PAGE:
In 1964, Todd Simpson, fresh out of the chemical engineering program at Cornell, tasted a cup of coffee unlike any other he’d ever tried. Determined to keep sipping this liquid concentrate, Simpson developed the Toddy Cold Brew System, which produced a concentrate that contained “67 percent less acid than hot brewed coffee.” The huge white Toddy bucket is still prevalent in coffee shops and homes today — some baristas will even refer to cold brew as “toddy.”

In his 1922 book, All About Coffee, William Harrison Ukers wrote that in 19th century England, “cold infusions were common, the practice being to let them stand overnight, to be filtered in the morning, and only heated, not boiled.”

But kegged cold brew is another beast, a modern beast. While King Bean may have snagged a snappy tagline, they aren’t the first Lowcountry roasters on this fully caffeinated frontier.

“We’ve been doing cold brew since we started as Black Tap eight years ago,” says Second State Coffee co-owner Ross Jett. “The name Black Tap was referential to cold brew on tap — we were actually one of the first to do kegged cold brew, other than Stumptown and Cuvée.”

Damn fine coffee

“Coffee is universal in its appeal. All nations do it homage. It has become recognized as a human necessity. It is no longer a luxury or indulgence; it is a corollary of human energy and efficiency. People love coffee because of its two-fold effect — the pleasurable sensation and the increased efficiency it produces.”

As Ukers so sagely wrote, we humans like coffee because it helps us get through the day. And sometimes, when we’re lucky, we may even channel Dale Cooper, uttering, “This is a damn fine cup of coffee. Damn fine.”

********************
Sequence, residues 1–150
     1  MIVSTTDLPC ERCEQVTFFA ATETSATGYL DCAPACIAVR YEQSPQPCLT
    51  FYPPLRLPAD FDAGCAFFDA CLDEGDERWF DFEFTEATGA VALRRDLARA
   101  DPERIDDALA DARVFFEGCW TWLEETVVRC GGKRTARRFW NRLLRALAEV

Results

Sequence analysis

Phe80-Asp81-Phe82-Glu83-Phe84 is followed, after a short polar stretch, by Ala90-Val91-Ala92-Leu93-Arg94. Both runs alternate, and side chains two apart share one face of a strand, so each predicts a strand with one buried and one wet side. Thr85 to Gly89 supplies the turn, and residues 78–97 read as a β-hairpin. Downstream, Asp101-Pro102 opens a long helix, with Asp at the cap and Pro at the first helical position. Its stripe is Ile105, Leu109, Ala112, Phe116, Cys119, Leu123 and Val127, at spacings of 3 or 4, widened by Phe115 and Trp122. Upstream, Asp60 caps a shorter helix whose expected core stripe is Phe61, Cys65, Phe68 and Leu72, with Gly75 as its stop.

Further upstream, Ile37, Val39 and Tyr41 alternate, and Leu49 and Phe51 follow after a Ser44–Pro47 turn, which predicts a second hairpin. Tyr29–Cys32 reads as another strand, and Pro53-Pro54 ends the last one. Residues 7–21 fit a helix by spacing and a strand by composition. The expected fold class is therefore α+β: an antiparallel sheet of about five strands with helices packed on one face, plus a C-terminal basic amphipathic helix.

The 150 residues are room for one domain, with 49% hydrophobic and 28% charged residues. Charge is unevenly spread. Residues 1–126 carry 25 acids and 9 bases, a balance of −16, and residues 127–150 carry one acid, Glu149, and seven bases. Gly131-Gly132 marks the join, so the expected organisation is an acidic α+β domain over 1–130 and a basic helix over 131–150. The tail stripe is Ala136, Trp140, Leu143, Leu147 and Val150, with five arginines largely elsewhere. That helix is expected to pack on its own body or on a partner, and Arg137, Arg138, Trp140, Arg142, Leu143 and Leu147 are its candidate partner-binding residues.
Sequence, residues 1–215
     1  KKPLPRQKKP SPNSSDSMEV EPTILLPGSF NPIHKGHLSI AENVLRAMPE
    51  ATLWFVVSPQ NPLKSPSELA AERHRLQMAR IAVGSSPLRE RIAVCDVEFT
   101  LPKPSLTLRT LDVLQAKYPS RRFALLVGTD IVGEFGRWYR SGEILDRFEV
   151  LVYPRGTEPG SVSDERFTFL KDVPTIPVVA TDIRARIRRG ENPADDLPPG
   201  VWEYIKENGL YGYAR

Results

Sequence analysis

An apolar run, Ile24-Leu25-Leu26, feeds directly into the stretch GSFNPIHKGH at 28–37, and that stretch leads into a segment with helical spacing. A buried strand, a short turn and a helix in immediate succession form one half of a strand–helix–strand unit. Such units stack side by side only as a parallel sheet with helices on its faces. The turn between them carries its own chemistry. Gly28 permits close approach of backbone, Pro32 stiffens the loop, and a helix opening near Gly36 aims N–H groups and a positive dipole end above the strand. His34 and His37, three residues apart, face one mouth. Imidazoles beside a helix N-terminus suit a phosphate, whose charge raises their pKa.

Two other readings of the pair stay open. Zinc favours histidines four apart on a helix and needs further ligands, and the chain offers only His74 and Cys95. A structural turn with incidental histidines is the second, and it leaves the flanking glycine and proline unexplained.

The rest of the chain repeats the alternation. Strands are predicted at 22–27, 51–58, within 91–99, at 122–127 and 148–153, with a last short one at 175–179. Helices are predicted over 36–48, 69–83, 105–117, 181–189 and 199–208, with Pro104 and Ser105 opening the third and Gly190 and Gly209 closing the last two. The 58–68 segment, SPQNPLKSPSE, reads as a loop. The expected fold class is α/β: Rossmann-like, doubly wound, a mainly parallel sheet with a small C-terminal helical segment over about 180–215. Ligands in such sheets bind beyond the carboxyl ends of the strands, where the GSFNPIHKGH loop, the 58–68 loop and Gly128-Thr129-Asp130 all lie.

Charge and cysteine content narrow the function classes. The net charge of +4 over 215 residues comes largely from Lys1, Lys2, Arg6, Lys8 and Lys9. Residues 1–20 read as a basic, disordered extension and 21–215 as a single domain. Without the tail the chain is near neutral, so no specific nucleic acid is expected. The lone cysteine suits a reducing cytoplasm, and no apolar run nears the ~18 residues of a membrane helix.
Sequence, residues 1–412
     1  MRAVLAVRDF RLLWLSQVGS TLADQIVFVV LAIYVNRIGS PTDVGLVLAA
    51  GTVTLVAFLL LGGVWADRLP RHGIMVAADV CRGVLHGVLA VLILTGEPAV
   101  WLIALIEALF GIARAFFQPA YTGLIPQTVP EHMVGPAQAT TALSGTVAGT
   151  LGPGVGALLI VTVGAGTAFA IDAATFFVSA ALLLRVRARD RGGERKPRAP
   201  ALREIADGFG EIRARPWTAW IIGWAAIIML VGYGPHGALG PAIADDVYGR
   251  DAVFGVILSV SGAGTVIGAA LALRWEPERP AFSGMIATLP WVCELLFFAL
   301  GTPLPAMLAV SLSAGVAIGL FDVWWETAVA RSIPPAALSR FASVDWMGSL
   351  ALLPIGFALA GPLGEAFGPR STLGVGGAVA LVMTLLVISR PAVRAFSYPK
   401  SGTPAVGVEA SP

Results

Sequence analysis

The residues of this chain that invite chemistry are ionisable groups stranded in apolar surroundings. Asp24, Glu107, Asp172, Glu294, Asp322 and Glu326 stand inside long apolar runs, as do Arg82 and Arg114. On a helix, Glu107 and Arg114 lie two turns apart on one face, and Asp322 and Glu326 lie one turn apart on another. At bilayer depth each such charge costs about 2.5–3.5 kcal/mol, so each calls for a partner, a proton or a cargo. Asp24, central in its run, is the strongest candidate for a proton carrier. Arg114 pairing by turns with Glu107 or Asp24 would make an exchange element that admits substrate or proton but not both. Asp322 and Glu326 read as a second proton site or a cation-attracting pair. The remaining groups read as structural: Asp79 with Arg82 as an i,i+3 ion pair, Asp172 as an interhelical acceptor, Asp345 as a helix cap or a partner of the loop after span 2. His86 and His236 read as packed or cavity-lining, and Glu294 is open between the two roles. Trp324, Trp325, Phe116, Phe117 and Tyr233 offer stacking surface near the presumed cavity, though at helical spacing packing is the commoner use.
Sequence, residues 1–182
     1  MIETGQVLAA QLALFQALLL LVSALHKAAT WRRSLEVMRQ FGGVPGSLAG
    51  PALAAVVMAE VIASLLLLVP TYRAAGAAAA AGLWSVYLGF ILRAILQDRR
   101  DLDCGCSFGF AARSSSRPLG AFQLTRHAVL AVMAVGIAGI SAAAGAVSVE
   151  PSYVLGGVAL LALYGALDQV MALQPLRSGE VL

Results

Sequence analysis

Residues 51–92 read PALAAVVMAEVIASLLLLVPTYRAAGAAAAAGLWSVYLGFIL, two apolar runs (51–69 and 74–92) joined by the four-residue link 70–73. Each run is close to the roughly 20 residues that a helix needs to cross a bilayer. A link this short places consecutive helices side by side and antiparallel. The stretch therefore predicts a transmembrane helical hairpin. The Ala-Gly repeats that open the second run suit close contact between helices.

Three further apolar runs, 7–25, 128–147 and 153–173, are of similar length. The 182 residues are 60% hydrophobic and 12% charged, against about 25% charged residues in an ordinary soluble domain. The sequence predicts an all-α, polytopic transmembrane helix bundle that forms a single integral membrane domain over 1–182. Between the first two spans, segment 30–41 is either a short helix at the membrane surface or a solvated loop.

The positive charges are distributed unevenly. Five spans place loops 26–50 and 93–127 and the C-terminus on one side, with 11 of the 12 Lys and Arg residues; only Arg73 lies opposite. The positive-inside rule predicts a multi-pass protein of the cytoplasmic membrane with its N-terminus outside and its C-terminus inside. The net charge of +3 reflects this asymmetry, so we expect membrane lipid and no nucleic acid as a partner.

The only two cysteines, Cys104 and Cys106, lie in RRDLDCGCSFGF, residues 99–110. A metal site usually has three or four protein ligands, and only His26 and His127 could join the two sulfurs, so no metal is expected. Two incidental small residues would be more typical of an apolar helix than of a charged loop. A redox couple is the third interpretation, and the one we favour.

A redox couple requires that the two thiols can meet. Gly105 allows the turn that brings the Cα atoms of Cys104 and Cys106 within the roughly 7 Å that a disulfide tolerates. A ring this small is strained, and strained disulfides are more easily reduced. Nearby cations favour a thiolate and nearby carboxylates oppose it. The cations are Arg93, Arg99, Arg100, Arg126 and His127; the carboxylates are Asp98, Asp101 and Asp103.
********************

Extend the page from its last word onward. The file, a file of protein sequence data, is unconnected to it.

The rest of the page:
But what makes cold brew so smooth, so strong, so appealing, not only to speciality coffee shops but to Starbucks, Dunkin’, Panera, hell, even Hardee’s?

“We have a specific blend we use for cold brew to achieve a good outcome,” says Jett. “On cold brew, lighter, brighter coffees will come out watery or weak tasting, not every coffee is suited to be cold brew. As coffee is roasted darker and darker the cell walls break down a little bit and that makes extracting it in cooler environments easier.” The result? “You get those sweet, chocolaty, nutty flavors out of it.”


Springbok Coffee owner Jason Bell, who started his King Street roastery with his brother Josh in 2015, says for their cold brew, they use single origin beans instead of a blend. They order their green beans from Fulton Street’s 100-year-old coffee importer, Balzac Brothers. “We’re very fortunate to have Balzac Brothers,” says Bell. “It really helped me establish consistency; with their offerings they’re bringing in higher quality coffees even from four to five years ago. That’s really helping keep cold brew where we want it.”